Theme 1: Supporting Teachers for Diversity and Inclusion in the Classroom including consideration of language and identity issues
Theme 1 explores how teachers might be supported for diversity and inclusion in their classroom. There are common challenges across school systems in the north including the preparation, recruitment, ongoing support and retention of teachers who are effective in the rich ethnic, cultural and linguistic diversity of classrooms in these communities. High teacher turnover is a perennial problem in the north, especially in rural areas and is strongly correlated with lower student achievement.
Session chair: Mhairi Beaton, Leeds Beckett University
The session includes one-slide presentations by following researchers and discussion.
Kalpana Vijayavarathan: Supporting teachers to tackle diversity and facilitate inclusion in the classroom from the perspectives of Iceland and The Faroe Islands (with a recognition to co-author Edda Óskarsdóttir)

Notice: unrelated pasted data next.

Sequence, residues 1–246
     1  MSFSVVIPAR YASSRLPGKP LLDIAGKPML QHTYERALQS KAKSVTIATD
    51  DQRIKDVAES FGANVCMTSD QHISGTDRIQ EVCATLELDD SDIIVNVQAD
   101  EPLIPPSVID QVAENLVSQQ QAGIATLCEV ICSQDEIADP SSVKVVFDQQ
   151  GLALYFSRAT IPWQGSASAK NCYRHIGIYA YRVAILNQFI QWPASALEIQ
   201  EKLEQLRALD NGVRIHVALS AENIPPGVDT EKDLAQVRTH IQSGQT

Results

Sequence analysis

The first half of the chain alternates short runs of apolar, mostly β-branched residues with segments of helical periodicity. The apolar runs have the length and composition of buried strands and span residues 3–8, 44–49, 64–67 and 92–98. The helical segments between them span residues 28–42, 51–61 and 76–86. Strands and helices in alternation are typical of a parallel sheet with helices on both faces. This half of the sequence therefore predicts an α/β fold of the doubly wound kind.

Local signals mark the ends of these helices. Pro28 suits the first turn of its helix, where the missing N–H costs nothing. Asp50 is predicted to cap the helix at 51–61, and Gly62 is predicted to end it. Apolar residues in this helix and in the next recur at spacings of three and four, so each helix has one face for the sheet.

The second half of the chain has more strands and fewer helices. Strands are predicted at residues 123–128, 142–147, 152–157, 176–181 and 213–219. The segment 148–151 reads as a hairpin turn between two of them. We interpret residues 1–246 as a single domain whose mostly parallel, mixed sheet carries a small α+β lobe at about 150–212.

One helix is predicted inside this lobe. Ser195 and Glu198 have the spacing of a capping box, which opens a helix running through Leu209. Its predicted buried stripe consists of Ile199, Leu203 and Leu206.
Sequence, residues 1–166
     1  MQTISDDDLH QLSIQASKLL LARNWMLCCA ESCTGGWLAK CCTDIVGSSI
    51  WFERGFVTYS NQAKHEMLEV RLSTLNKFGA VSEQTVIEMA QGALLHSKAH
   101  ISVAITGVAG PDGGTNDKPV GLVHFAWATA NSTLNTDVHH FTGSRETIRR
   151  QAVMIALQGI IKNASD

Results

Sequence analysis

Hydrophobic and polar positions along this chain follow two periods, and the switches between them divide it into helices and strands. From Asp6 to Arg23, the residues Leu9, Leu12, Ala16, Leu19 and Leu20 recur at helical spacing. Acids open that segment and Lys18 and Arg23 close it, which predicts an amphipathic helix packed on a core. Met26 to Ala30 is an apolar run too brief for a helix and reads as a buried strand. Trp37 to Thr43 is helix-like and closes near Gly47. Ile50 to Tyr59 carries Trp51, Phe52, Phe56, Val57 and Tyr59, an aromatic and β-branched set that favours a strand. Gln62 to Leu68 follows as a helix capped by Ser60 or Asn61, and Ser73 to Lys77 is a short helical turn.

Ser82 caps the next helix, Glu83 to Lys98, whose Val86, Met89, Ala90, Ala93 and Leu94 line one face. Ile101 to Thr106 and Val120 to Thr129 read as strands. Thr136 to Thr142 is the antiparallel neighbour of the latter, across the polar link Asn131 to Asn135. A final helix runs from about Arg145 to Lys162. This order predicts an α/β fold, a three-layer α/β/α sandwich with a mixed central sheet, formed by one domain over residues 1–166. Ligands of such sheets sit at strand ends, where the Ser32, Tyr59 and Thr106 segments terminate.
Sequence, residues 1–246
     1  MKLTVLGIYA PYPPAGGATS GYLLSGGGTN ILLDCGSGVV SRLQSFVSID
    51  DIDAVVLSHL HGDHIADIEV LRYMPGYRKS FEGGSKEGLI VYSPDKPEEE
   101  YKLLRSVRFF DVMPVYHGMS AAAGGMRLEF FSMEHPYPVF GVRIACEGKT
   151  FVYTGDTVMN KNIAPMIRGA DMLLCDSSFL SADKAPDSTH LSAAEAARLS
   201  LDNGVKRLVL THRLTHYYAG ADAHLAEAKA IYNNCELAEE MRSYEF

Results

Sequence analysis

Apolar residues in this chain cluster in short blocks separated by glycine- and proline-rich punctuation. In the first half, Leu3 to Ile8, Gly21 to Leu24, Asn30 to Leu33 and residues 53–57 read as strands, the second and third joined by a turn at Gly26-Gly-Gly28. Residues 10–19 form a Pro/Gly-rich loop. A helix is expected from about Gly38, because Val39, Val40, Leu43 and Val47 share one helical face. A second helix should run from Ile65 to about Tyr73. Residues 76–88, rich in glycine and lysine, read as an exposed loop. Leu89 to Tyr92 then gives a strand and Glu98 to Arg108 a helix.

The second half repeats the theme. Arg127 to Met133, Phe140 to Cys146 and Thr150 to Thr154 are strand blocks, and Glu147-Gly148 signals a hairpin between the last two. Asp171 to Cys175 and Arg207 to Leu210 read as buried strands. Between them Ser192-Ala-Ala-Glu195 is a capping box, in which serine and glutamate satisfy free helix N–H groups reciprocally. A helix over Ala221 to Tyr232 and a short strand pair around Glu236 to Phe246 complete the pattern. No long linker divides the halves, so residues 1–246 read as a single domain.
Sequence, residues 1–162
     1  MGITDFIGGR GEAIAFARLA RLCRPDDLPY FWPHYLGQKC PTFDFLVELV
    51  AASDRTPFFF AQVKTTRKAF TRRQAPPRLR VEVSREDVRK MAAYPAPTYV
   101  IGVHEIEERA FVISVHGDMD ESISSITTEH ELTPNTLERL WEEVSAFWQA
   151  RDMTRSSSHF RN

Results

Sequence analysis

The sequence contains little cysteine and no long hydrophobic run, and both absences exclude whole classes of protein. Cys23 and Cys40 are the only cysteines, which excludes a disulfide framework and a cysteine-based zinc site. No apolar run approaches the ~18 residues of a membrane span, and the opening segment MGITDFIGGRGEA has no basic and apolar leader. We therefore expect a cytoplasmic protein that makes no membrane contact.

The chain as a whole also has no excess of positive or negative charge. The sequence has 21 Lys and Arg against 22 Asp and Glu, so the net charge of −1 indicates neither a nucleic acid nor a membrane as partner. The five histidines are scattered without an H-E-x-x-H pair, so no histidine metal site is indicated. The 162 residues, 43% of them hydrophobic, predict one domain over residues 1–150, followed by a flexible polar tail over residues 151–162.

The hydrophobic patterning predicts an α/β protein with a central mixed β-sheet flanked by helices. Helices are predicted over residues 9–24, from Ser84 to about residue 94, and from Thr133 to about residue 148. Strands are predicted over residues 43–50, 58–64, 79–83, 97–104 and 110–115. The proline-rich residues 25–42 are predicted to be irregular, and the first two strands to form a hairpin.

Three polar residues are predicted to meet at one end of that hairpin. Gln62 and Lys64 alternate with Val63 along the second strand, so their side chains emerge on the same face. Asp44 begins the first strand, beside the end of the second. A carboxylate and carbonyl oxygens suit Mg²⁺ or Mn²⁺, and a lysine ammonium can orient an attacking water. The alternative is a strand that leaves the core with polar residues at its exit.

Mhairi C. Beaton, Hanna Helander and Pigga Keskitalo: Indigenous and Minority Languages: A Comparative Study focusing on the Sami and Scottish Gaelic
Olga Kagan: Personal and ethnic identity in representatives of the indigenous small-numbered peoples of the Russian Far North – the Saami and the Nenets (with a recognition to co-authors Natalia Flostkaya, Svetlana Bulanova, Maria Ponomareva, Nikolay Flotskiy)
Anne Burke and Benjamin Boison: Collaborative Pedagogies Seeking and Finding Truth within Indigenous Children’s Literature (with a recognition to co-author Deborah Toope)
Douglas Cost: The tundra doesn’t grow trees or teachers: Solving the teacher supply crisis in Rural Alaska (with a recognition to co-author Diane Hirshberg)
Kalpana Vijayavarathan: Through education to equity in identity and inclusion for immigrant children: document analysis of the status quo in The Faroe Islands
Ylva Jannok Nutti: Sámi Teacher Education or Teacher Education for Sámi students? Pedagogical pathways towards definition and implementation of Indigenous Education for equality and justice in the Arctic region